#Flint attorneys to detail proposed $641-million water crisis settlement in virtual briefing Monday afternoon — MLive.com

From MLive.com (Ron Fonger):

Flint River in Flint Michigan.

A proposed $641-million settlement of water crisis lawsuits was filed in U.S. District Court last week, $20 million of which would come from a city insurance policy — if approved by the Flint City Council.

If approved by Judge Judith Levy, the settlement would establish a claims process for those harmed by Flint water and ultimately payouts depending on which of 30 categories individuals fall into, the extent of damages and how many claims are filed.

The council is scheduled to address the settlement in a closed session at 5:30 p.m. Monday, but several members have blocked similar private briefings in the past, saying that the overall settlement that’s been proposed doesn’t provide enough money to those harmed by Flint water or doesn’t divide the settlement fairly.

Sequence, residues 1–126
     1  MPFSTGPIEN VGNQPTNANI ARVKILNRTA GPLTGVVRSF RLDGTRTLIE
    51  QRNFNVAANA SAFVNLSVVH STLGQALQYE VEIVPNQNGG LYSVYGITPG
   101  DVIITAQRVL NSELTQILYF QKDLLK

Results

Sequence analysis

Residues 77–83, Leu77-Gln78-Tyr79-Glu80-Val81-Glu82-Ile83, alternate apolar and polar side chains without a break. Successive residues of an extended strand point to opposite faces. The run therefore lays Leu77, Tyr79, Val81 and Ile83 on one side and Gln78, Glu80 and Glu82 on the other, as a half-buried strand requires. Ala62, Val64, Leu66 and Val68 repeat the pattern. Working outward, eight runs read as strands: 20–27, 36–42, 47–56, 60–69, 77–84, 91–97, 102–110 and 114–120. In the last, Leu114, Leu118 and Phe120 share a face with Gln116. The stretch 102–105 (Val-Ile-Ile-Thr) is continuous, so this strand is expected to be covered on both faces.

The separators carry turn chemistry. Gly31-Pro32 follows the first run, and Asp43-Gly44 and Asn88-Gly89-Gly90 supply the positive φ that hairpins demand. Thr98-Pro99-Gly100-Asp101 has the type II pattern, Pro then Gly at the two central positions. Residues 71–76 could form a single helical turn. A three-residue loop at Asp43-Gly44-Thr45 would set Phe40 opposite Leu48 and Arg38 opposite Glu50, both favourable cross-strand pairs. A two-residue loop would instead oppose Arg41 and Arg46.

Flint children who were 6 years old and younger at the time they were first exposed to Flint River water would receive 64.5 percent of the proposed settlement.

Council President Kate Fields has urged other members to be briefed on the city’s portion of the settlement so that they can be informed on the deal before they vote to accept or reject it.

Attorneys involved in negotiating the settlement say lawsuits will continue against the city and its employees in state and federal courts if the settlement is not approved by the council.